Sleep Broken Down to Its Most Fundamental Level
Today’s hack is aimed at understanding just what sleep is and why it’s important.
If you’re going to commit to spending ⅓ of your life in bed sleeping, then the path to embracing this lies first in appreciating why what you do during this time is as important as what you do in the other ⅔ of your life when you’re awake.
On the broadest level, we can think of sleep as a series of approximately 90- to 120-minute cycles that ensue shortly after we lie down. These cycles repeat throughout the night.
You can think of each cycle as having a peak and a trough, like in this diagram:
In the diagram:
• W = waking
• R = REM sleep
• N1 = Non-REM Stage 1
• N2 = Non-REM Stage 2
• N3 = Non-REM Stage 3
The sense of “depth” in the diagram relates to how conscious we are.
When we are lying down, breathing deeply, and preparing to sleep, we are in the waking state, the most conscious. Sinking downward in the diagram corresponds to being less conscious, where N3 is the deepest unconscious state.
Notice also that in falling asleep, you skip past REM and enter the first stage of Non-REM sleep, N1. REM stands for “rapid eye movement,” after this particular kind of eye movement was first described during this stage of sleep by Professor Nathaniel Kleitman in 1953. We’ll come back to REM sleep in a moment.
There are three stages of deeper sleep than REM, and when we jump to Stage 1 directly from waking, we pass through them in descending order at the start of a sleep cycle:
• Stage 1, exhibiting slow eye movements, called “restful wakening,” since people roused from this state believe that they haven’t been sleeping. Occasionally, you will experience a hypnic jerk (if you’ve ever started falling asleep in a class or meeting, then startled yourself awake, that’s what this is).
• Stage 2, exhibiting no eye movement at all, but still easy to be awakened from. During this time, EEGs show brief bursts of high-frequency brain activity in the thalamus, called sleep spindles, which are believed to be part of long-term memory consolidation.
• Stage 3, called “slow-wave sleep”, or SWS for short, from which it is the most difficult to be awakened. During this time, the brain exhibits the slowest of all delta waves (1-4 Hz). Contrary to popular belief, you can dream during this stage, though they are typically less vivid and less memorable. (Fun fact: People who practice sleep yoga, or Yoga Nidra, can remain conscious while in this stage of sleep.)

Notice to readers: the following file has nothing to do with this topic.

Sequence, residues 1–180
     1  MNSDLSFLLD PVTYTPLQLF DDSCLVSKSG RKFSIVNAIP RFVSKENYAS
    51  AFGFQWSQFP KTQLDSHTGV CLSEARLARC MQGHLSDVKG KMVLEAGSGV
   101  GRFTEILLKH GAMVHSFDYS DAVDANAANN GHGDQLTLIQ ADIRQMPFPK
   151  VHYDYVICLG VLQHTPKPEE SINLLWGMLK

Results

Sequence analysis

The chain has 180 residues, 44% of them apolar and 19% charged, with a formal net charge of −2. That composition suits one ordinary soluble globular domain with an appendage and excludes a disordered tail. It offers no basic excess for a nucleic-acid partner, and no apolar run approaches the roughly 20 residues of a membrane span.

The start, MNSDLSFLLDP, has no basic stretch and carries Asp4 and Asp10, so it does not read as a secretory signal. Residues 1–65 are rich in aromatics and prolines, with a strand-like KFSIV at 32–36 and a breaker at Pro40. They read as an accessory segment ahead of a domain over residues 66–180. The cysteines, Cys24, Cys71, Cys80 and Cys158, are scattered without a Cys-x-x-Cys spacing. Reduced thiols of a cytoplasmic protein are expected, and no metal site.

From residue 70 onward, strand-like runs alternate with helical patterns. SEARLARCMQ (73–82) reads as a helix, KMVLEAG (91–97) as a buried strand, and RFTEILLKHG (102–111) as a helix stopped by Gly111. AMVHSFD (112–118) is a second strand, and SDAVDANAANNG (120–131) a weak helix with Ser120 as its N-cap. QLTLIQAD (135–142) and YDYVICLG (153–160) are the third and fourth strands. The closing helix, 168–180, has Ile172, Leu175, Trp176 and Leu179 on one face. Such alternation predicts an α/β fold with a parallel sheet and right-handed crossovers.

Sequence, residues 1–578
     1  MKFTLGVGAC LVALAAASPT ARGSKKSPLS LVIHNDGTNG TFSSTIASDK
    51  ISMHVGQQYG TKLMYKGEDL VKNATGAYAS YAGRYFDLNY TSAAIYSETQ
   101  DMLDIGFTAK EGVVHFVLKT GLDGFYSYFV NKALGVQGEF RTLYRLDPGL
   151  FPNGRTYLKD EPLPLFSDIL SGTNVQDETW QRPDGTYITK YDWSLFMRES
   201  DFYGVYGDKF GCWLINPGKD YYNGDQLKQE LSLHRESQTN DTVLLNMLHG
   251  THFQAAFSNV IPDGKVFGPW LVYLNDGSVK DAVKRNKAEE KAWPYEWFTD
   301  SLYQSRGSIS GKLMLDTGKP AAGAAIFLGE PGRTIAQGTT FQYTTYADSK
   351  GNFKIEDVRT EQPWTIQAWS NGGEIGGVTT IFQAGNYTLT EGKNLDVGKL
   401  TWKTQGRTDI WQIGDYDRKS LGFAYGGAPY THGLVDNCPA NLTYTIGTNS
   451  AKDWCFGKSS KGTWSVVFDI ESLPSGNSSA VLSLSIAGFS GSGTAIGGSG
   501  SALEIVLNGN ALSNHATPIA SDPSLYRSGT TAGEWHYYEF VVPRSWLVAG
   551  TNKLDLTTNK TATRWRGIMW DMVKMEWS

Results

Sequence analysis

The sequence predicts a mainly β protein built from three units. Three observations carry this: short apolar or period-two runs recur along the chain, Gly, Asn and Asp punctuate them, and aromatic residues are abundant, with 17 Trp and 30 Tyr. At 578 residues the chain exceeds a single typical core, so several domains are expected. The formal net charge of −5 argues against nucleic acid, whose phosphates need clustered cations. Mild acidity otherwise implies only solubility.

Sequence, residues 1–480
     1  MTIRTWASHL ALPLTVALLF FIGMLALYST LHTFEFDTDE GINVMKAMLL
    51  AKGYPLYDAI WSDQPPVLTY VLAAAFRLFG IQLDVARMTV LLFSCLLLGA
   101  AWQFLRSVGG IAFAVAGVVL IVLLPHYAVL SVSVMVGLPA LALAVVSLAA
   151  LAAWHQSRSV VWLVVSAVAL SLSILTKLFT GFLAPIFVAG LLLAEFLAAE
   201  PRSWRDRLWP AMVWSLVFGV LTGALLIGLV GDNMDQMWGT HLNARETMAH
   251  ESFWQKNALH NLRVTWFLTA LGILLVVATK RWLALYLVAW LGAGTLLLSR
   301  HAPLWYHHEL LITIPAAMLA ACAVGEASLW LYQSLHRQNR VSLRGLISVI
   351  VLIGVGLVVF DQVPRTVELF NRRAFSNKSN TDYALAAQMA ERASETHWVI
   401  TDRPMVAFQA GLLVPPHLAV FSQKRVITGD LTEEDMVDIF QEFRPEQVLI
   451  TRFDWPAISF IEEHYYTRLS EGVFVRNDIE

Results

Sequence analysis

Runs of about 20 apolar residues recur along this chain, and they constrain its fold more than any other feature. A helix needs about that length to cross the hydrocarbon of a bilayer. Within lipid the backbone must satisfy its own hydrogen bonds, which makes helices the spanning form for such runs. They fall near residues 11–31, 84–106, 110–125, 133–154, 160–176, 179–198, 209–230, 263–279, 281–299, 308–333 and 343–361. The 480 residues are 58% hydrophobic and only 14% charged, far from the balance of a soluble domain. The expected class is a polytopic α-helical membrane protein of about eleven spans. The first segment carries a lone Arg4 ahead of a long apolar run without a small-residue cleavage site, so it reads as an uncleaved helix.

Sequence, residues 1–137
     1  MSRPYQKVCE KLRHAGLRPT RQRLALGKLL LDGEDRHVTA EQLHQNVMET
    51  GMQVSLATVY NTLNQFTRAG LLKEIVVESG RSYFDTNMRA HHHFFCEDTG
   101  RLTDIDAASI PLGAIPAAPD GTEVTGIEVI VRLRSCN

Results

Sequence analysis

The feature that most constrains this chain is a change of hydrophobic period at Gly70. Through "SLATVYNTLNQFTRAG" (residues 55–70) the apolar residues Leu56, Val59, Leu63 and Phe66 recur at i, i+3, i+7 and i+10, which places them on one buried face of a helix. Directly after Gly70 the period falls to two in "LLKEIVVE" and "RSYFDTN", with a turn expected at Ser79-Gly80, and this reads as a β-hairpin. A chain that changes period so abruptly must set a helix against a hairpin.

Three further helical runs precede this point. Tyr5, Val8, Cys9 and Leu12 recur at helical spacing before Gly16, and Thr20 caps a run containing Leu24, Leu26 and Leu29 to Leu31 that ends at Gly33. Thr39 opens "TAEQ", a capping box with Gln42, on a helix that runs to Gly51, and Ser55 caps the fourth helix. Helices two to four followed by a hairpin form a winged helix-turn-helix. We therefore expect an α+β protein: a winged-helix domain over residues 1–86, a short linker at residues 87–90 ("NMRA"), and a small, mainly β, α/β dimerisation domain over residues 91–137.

After spending time in the deepest SWS sleep stage, the cycle moves in reverse, with one exception: After returning to Stage 1, instead of awakening, you stop at REM sleep.
During REM, you tend to have your most vivid dreams. Your body is paralyzed but your mind is fully awake. We typically awaken while in this stage, which is why we tend to remember dreams from REM (vs dreams during NREM in Stage 3). What happens during REM is extremely important and often overlooked, which is why it will be the topic of tomorrow’s hack.
During a full night’s sleep, you go through this full cycle about four to five times. As the night progresses, you spend less time in the first part of the cycle and more time in REM sleep.
Without the Non-REM sleep that you get mostly in the first three cycles of sleep, you’ll die. But even without the full REM sleep that you get by putting in your four to five cycles a night, you deteriorate in different ways, most of which are invisible in the short term.
This is why getting more than six hours is crucial: Though you get your critical sleep early in the night, you get your REM sleep later.
Why is REM sleep so important?
That’s for tomorrow!
Your main takeaway from today’s hack is to apply your knowledge of how sleep works to understanding why you need those eight-plus hours. Further work in this course will help you unpack the attitudes and habits that get in the way of this, once more using science as our tool to hack the best quality sleep for the maximally productive life.
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